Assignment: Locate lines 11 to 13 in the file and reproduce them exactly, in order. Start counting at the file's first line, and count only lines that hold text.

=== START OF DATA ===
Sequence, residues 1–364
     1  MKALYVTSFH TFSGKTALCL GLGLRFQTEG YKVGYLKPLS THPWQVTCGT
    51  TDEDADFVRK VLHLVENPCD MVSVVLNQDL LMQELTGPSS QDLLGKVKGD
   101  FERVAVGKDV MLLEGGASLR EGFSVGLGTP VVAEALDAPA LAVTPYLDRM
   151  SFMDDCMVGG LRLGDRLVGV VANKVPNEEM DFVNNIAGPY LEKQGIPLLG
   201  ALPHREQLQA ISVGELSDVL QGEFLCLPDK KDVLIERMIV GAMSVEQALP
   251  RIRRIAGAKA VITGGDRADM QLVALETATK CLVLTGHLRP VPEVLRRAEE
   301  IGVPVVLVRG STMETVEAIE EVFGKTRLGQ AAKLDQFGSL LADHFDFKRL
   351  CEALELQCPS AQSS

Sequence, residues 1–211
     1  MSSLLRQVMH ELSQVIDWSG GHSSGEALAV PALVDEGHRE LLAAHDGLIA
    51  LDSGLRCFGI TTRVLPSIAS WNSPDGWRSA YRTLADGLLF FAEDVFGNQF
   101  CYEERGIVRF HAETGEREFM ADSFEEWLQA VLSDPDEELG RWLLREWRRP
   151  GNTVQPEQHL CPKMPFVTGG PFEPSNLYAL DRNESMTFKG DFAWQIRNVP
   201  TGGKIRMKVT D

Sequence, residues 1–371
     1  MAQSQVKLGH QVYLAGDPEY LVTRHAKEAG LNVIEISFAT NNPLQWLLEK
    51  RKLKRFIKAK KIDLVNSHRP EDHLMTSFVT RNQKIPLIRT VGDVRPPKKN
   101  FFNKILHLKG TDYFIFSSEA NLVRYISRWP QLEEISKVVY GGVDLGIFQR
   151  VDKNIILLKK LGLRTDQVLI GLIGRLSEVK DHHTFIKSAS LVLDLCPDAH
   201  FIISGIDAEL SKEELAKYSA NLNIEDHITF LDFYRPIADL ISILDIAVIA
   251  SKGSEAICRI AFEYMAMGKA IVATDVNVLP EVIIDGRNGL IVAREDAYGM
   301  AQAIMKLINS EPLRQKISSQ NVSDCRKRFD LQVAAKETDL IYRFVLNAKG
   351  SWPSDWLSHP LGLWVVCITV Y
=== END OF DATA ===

     1  MSSLLRQVMH ELSQVIDWSG GHSSGEALAV PALVDEGHRE LLAAHDGLIA
    51  LDSGLRCFGI TTRVLPSIAS WNSPDGWRSA YRTLADGLLF FAEDVFGNQF
   101  CYEERGIVRF HAETGEREFM ADSFEEWLQA VLSDPDEELG RWLLREWRRP